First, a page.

# Evaluate the following limit: $=\lim\limits_{n\to \infty} \left(\frac{2}{n}\right) \sum_{i = 1}^{n} \sqrt{1+\frac{2i}{n}}$

I am studying MIT OpenCourseware 18.01 Single Variable Calculus on my own and am stuck on a final exam question.

Evaluate the following limit: $$\lim\limits_{n\to \infty} \sum_{i = 1}^{n} \sqrt{1+\frac{2i}{n}} \left(\frac{2}{n}\right)$$

$$=\lim\limits_{n\to \infty} \left(\frac{2}{n}\right) \sum_{i = 1}^{n} \sqrt{1+\frac{2i}{n}}$$

We can do this using the Riemann sum, which states that if the interval [a,b] is divided into $$n$$ equal pieces of length, where $$\Delta x = \frac{b-a}{n}$$, then the sum of all the areas of the rectangle is $$\sum_{i = 1}^{n} f(x_{i-1}) \Delta x$$. Also, in the limit as $$n$$ goes to infinity, the Riemann sum approaches the value of the definite integral:

$$\lim\limits_{n\to \infty} \sum_{i = 1}^{n} f(x_{i-1}) \Delta x =\int_a^b f(x)\,dx$$

In this case, $$\Delta x = \frac{b-a}{n} = \frac{2}{n}$$, and therefore, $$b-a = 2$$. Also $$f(x_0) = \sqrt{1+\frac{2}{n}}$$, $$f(x_1) = \sqrt{1+\frac{4}{n}}$$, $$f(x_2) = \sqrt{1+\frac{6}{n}}$$, and so on and so forth until we reach $$n$$.

How do we convert $$\lim\limits_{n\to \infty} \left(\frac{2}{n}\right) \sum_{i = 1}^{n} \sqrt{1+\frac{2i}{n}}$$ to a definite integral?

• All you need to figure out is what $f(x)$ should be so that $f(x_i) = \sqrt{1+2i/n}$. But what is $x_i$? Nov 24 '19 at 23:30
• As $i$ goes from $1$ to $n$, $x_i$ should partition the interval $(a,b)$ Nov 24 '19 at 23:33
• Ah ok. $x_i = a + \Delta x \cdot i$ Nov 24 '19 at 23:58
• Please note that if a question of yours is closed, it is better to edit it than to ask a new version. Editing a closed question automatically puts it in the Reopen review queue, where people can vote to reopen it if they consider that it is now suitable. Nov 25 '19 at 15:53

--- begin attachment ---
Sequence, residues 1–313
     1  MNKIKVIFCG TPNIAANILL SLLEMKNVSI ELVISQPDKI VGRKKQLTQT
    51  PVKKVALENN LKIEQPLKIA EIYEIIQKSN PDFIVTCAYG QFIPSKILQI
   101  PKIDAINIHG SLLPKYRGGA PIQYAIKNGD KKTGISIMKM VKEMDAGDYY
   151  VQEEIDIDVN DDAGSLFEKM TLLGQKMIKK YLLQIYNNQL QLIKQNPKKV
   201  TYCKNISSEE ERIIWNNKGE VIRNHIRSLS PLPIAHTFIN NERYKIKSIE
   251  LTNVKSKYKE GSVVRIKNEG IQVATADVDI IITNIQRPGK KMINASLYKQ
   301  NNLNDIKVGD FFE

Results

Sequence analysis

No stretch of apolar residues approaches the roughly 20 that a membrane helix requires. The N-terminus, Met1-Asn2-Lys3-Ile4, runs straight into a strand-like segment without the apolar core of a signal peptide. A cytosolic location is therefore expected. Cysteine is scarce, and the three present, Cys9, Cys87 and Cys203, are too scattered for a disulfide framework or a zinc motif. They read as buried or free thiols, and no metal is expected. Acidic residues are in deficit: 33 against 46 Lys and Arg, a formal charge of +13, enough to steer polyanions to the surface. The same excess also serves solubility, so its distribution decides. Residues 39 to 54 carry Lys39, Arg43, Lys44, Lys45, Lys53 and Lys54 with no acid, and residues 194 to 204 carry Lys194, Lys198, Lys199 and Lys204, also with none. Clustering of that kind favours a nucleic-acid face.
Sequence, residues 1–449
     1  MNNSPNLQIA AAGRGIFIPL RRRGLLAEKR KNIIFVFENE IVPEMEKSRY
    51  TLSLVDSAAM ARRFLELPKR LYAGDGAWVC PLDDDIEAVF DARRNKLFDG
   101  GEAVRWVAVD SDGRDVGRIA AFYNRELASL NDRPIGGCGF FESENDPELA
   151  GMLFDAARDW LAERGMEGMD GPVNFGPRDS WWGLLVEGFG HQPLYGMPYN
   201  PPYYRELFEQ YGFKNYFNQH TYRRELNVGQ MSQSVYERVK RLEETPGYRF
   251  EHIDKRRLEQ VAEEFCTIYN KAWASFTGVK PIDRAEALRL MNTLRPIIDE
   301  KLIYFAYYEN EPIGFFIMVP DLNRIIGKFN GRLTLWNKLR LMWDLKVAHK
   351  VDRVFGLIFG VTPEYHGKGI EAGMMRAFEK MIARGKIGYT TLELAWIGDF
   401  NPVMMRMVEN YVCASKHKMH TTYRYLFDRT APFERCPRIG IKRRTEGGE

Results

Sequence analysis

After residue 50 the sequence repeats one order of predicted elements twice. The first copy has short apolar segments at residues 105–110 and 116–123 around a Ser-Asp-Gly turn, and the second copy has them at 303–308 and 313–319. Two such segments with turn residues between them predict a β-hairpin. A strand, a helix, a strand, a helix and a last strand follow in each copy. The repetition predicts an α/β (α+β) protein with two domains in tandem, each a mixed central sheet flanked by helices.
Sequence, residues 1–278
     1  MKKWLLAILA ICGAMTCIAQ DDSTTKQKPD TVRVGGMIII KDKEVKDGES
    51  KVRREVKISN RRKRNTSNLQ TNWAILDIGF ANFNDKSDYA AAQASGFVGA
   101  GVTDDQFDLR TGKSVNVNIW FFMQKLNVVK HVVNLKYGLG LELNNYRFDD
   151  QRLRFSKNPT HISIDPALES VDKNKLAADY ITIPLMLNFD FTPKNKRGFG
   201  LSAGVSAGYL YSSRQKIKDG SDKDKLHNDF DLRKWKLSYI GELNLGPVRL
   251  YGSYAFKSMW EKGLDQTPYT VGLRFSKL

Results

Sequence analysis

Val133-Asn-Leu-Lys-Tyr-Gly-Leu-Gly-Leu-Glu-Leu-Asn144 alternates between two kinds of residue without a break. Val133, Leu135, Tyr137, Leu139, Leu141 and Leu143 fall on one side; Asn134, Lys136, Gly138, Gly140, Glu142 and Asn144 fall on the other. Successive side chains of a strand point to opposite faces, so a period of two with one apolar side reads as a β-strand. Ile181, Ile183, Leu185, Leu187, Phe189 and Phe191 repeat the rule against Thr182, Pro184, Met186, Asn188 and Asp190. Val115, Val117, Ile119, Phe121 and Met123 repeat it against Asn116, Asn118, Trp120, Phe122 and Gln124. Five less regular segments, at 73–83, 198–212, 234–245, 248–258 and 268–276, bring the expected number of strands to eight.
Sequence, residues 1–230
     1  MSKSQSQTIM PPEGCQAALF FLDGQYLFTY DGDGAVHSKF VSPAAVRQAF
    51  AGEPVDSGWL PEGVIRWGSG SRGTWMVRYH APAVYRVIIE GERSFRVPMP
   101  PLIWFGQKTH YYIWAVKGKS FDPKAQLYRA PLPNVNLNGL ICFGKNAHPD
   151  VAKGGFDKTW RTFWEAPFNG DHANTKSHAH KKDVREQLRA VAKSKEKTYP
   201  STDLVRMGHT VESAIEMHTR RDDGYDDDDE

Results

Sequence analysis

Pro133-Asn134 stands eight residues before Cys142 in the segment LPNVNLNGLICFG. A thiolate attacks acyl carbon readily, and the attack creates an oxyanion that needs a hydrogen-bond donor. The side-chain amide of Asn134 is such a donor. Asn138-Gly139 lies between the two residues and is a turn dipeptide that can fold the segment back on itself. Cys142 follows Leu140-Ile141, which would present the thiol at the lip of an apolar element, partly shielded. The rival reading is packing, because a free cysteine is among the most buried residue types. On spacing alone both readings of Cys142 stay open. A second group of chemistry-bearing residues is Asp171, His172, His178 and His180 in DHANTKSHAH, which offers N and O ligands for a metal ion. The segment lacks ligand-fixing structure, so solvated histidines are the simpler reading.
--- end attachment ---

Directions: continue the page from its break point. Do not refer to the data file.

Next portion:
Viewing uniform partition on $$[0,2]$$ with width $$2/n$$, then it is $$\displaystyle\int_{0}^{2}\sqrt{1+x}dx$$.

Viewing uniform partition on $$[0,1]$$ with width $$1/n$$, then it is $$2\displaystyle\int_{0}^{1}\sqrt{1+2x}dx$$.

• and those have the same value Nov 24 '19 at 23:42
• Yes, OP should have noticed that it is just a matter of change of variable formula. Nov 24 '19 at 23:44

The answer is $$2\int_0^{1} \sqrt {1+2x}dx =\frac 2 3(3^{3/2}-1)$$.

Just for your curiosity (without Riemann sum).

Assuming that you know about generalized harmonic numbers, you could approximate quite well the partial sums since $$S_n= \frac{2}{n} \sum_{i = 1}^{n} \sqrt{1+\frac{2i}{n}}=2 \sqrt{2}\,\frac{ H_{\frac{3 n}{2}}^{\left(-\frac{1}{2}\right)}-H_{\frac{n}{2}}^{\left(-\frac{1}{2}\right)} }{n^{3/2}}$$

Now, using the asymptotics $$H_p^{\left(-\frac{1}{2}\right)}=\frac{2 p^{3/2}}{3}+\frac{p^{1/2}}{2}+\zeta \left(-\frac{1}{2}\right)+\frac{1}{24p^{1/2}}-\frac{1}{1920p^{5/2}}+O\left( \frac{1}{p^{9/2}}\right)$$

$$S_n=\left(2 \sqrt{3}-\frac{2}{3}\right)+\frac{\sqrt{3}-1}{n}+\frac{\sqrt{3}-3}{18 n^2}+\frac{27-\sqrt{3}}{3240 n^4}+O\left(\frac{1}{n^6}\right)$$ which, for sure, shows the limit and also how it is approached.

Moreover, it is a quite good approximation. For example, computing $$S_5\approx 2.9410395$$ while the above truncated formula would give $$\frac{4459499 \sqrt{3}-1768473}{2025000}\approx 2.9410399$$.